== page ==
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Humanist Archives: April 8, 2020, 2:32 p.m. Humanist 33.740 - checking citations & related matters

                  Humanist Discussion Group, Vol. 33, No. 740.
            Department of Digital Humanities, King's College London
                   Hosted by King's Digital Lab
                Submit to: humanist@dhhumanist.org

    [1]    From: Francois Lachance 
           Subject: Heads and Links (74)

    [2]    From: David Hoover 
           Subject: Checking Apocalyptic Sources (37)

        Date: 2020-04-08 00:05:54+00:00
        From: Francois Lachance 
        Subject: Heads and Links


As I mentioned off list, I am back to hand coding HTML and using the W3C
validator. Debugging code is great way to learn along with hand coding -- makes
one pay attention to detail which I find very soothing.

I have a question about quoting code in postings to Humanist since you mentioned
that the software supporting the discussion list and its archives chokes on
angled brackets. So this is a bit of a test in posting pseudo code.

The Validator seemed to have forgiven my missing opening [head] tag. It sent
back no errors for the document housed at

[!DOCTYPE html]
[html lang="en]

[!-- Comment --]
[!-- Recycled some head info from my first homepage --]
[!-- http://homes.chass.utoronto.ca/~lachance/ --]

[meta http-equiv="Content-Type" content="text/html; charset=utf-8"]

[meta name="description" content="Scholar-at-large, Francois Lachance
offers various recipes for distributed living and learning"]

[meta name="keywords" content="technology perception reproduction
theory hypertext multimedia electronic pedagogy rhetoric"]

[link rel="maker"

[TITLE]THE COOKBOOK: Recipes for Distributed Living[/TITLE]


The real purport of my posting is not just the implied invitation to view and
comment as the project evolves, grows and mutates. It is also to ask about the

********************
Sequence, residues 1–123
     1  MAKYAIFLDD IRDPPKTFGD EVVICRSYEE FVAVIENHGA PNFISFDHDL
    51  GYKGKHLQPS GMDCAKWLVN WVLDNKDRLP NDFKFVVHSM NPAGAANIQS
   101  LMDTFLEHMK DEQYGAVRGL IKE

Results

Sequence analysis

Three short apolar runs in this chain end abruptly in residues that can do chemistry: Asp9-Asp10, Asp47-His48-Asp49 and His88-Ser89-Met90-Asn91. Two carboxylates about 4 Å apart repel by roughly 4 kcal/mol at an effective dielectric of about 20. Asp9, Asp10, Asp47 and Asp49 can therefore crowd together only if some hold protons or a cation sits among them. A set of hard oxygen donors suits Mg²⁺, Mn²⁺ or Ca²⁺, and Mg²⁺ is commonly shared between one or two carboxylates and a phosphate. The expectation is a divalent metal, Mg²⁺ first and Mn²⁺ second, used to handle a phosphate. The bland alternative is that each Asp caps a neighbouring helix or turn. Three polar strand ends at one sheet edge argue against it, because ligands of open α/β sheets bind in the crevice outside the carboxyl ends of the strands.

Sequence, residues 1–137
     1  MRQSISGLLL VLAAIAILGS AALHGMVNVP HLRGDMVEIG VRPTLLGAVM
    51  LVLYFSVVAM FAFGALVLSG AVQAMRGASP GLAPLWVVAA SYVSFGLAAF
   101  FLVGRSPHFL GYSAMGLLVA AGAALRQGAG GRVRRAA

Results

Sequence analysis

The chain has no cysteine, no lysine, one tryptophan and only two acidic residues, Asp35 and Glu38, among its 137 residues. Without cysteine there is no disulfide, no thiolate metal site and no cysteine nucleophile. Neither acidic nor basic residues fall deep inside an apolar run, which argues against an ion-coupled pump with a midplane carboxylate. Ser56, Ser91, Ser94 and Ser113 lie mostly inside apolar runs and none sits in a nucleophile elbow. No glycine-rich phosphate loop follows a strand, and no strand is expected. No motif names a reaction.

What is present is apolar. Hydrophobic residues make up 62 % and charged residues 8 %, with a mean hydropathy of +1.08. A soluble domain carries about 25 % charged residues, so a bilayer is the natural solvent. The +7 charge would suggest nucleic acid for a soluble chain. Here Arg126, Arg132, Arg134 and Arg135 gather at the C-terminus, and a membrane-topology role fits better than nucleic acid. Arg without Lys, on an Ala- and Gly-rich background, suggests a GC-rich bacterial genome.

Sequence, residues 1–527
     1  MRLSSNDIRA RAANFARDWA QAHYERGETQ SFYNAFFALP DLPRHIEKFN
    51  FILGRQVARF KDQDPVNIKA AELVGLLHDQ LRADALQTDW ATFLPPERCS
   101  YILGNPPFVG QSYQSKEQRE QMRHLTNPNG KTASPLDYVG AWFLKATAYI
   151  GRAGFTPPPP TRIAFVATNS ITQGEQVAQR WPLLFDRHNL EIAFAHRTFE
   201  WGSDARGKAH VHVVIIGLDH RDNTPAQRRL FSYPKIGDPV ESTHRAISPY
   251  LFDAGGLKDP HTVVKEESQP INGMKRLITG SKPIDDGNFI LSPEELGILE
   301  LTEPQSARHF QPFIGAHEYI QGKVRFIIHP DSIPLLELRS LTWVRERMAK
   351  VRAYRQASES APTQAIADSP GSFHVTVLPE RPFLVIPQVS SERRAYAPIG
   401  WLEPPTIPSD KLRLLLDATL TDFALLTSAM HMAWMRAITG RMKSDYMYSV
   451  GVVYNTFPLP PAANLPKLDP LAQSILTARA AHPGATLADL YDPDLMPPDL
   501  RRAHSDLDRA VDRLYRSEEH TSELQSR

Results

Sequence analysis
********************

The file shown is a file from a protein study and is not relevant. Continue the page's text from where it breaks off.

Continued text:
[link rel="maker"

Ian Graham in HTML 4.0 Source Book writes:

LINK describes a _relationship_ between a document and other documents or
objects. For example, LINK can indicate a related index, a glossary, or perhaps
different versions of the same document. Alternatively, LINK can point out
likely _next_ or _previous_ documents. This information could be used by a
browser, among other things, to predict and preload documents it is likely to
needier to configure customized navigational buttons or menus. A document may
have any number of LINK elements to represent these various relationships to
other documents.

At long last my question: can any tell me/us what is LINK implementation like
across browsers? Is this still the technical solution for this type of linking?

Thanks for the attention to this technical but i hope engrossing fascination
with linking.

Francois Lachance

to think is often to sort, to store and to shuffle: humble, embodied tasks

        Date: 2020-04-07 15:56:42+00:00
        From: David Hoover 
        Subject: Checking Apocalyptic Sources

The string of interesting posts on the importance of checking citations
leads me to this minor provocation. I often teach a  post-apocalypse course
(though fortunately not this semester), and often include *Earth
Abides (*highly recommended), which describes a global pandemic 
"like a kind of super measels" that wipes out all but a few hundred people 
in the US.

I always also assign a published article that begins with the following

"Published in 1949, George R. Stewart's *Earth Abides* tells the story of
Ish, one of the few survivors of a nuclear holocaust that has destroyed
America and possibly the rest of the world . . . ."

How is it possible, I ask my students, for someone to publish an article
about a post-apocalypse novel and get the apocalypse completely wrong? This
sentence and most of the article's claims have the students asking, "Did
this author read the book?"

I fear the rejection of "fussy" ideas about the importance of accurate
citations sometimes applies to "fussy" ideas about tying an argument to
textual evidence.

I return to my curmudgeonly corner, musing over my email tag quotation.

 David L. Hoover, Professor of English  NYU Eng. Dept. 212-998-8832

   "There is no nonsense so arrant that it cannot be made the creed
    of the vast majority by adequate governmental action."
          -- Bertrand Russell, "An Outline of Intellectual Rubbish"

[Reference checked against Bertrand Russell, "An Outline of Intellectual
Rubbish", in Unpopular Essays (New York: Simon and Schuster, 1950), p. 93.
Nihil obstat! -- WM]

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